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Supreme Court: Environment Agency must compensate fisherman for 'disproportionate' fishing restrictions

Out-Law News | 16 Feb 2018 | 4:44 pm | 3 min. read

The Environment Agency (EA) must compensate a fisherman for the "severe and disproportionate" effect of conditions imposed on his fishing license limiting the number of fish he can catch in one year, the UK Supreme Court has ruled.

The Environment Agency (EA) must compensate a fisherman for the "severe and disproportionate" effect of conditions imposed on his fishing license limiting the number of fish he can catch in one year, the UK Supreme Court has ruled.

The court emphasised that Nigel Mott's case was an "exceptional" one, as there was "no general expectation of compensation for adverse effects" of environmental controls. However, the recognition by the UK's highest court of Mott's valid claim would "no doubt act as a cautionary note to regulators of all kinds", according to regulatory law expert Craig Connal QC of Pinsent Masons, the law firm behind Out-Law.com.

"The Human Rights Act, often the subject of bad press, was deployed by the courts - and confirmed by no less than the Supreme Court, given the EA's determination to battle on - to ensure that Mr Mott was not left without compensation," he said.

"The court considered the difficult distinction between taking or deprivation of property, which normally requires compensation, and controls on use, which are permissible without compensation. The parties continued to be at odds over which side of the line Mott's case fell on although ultimately, as the judge put it, it was 'closer to deprivation than mere control'. However, regardless of that debate, due to the way Mott had been treated compared to others and the severity of the impact on him, he had been made to shoulder an 'excessive and disproportionate' burden - and was thus entitled to compensation," he said.

Mott holds a leasehold interest in a 'putcher rank' fishery on the banks of the Severn Estuary, where he has been catching salmon as his full-time occupation since 1979. A putcher rank is an ancient fishing technique, which involves the use of conical baskets to trap adult salmon as they attempt to return from the open sea to their river of origin to spawn. According to Mott, he was catching around 600 salmon per year and earning a gross annual income of around £60,000 before the EA imposed the catch limits that were the subject of his court challenge.

In order to operate the putcher rank, Mott was required to obtain an annual licence from the EA under section 25 of the 1975 Salmon and Freshwater Fisheries Act. In 2011, the Act was amended to allow the EA to impose conditions on historical fishing methods where this was "necessary ... for the protection of any fishery". The rivers Wye and Usk, which feed into the Severn Estuary, are designated as Special Areas of Conservation under the EU's Habitats Directive because of the need to conserve their salmon stocks.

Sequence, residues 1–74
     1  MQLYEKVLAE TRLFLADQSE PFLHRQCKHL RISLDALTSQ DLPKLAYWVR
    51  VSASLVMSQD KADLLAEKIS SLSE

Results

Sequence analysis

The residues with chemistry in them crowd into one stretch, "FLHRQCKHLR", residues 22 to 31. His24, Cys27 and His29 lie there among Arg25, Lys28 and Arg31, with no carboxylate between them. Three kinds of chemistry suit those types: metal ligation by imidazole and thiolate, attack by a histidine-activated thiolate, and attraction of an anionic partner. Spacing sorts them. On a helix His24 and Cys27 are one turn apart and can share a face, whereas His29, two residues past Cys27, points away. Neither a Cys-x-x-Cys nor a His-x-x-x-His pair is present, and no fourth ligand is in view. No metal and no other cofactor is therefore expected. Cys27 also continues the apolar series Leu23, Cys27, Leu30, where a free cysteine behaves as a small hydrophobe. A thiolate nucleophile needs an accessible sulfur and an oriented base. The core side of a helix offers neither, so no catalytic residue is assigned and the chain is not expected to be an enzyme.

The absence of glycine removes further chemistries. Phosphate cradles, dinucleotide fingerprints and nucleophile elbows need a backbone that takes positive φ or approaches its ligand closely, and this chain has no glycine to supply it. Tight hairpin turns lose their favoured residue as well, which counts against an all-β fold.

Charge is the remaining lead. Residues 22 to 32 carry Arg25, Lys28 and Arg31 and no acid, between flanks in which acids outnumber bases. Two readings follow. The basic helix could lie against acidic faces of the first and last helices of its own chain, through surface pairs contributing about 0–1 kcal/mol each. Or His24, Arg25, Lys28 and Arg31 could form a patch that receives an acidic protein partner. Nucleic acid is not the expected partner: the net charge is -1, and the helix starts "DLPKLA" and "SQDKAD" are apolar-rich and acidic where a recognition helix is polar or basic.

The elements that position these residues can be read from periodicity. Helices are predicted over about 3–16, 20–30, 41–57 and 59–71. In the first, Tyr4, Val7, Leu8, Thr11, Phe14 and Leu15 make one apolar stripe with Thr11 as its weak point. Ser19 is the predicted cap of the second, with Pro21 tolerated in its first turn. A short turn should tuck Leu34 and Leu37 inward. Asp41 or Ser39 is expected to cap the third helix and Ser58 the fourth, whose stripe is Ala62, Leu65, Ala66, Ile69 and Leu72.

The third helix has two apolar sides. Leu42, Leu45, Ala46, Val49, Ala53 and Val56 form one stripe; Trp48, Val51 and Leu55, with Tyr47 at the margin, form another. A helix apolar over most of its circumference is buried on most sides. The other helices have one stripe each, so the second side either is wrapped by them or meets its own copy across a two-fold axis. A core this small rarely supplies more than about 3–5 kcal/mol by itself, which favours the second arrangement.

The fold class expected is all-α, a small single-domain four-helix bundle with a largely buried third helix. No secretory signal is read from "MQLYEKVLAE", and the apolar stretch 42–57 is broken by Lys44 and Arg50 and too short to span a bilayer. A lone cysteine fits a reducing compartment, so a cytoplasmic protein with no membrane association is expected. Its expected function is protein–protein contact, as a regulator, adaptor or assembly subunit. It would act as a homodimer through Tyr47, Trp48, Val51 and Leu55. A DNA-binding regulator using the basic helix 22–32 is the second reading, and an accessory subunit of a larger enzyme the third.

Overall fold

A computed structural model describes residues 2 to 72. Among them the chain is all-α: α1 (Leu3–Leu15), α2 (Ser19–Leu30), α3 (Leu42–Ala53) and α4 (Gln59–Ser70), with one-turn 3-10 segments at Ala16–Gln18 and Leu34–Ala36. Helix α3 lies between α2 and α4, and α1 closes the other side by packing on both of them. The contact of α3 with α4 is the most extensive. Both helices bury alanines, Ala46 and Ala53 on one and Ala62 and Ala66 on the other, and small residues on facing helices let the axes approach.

The EA had previously compensated Mott in exchange for his agreement not to operate the fishery. However, in 2012 it notified him of its intention to impose a catch limit of 30 fish that year, using its powers under the 1975 Act which did not require the payment of compensation. The limit was further cut to 23 fish in 2013, and 24 in 2014.

According to Mott, the catch limit conditions have made it "wholly uneconomic" for him to operate his fishery and have made the lease worthless. He argued that the EA's actions were an unlawful interference with his human rights. Both the High Court and the Court of Appeal agreed, ruling that it was unlawful for the EA to impose the limits "in the absence of compensation". The High Court also found that the EA had acted irrationally, although this was overturned by the Court of Appeal.

Much of the discussion in the lower courts centred on the distinction between deprivation of property, which would require payment of compensation as a breach of human rights laws, and controls on its use, which would not. However, the Supreme Court said that this distinction was irrelevant. It was a proper use of the EA's powers for it to impose limits on fishing activity for environmental protection purposes, the Supreme Court said. However, it was still required to consider whether the effect on any individual was "excessive and disproportionate".

"Against that background, I am unable to fault the judge's analysis of the applicable legal principles in this case," said Lord Carnwath, giving the unanimous judgment of the court.

"[T]he Agency had given no consideration to the particular impact on [Mott's] livelihood. The impact was exacerbated because the method chosen meant that by far the greatest impact fell on him, as compared to others whose use may have been only for leisure purposes … I would therefore uphold the decision of the courts below," he said.

The judge emphasised, however, that this was "an exceptional case on the facts, because of the severity and the disproportion (as compared to others) of the impact on Mr Mott".

"As the [European Court of Human Rights] cases show, the national authorities have a wide margin of discretion in the imposition of necessary environmental controls, and A1P1 gives no general expectation of compensation for adverse effects. Furthermore, where (unlike this case) the authorities have given proper consideration to the issues of fair balance, the courts should give weight to their assessment," he said.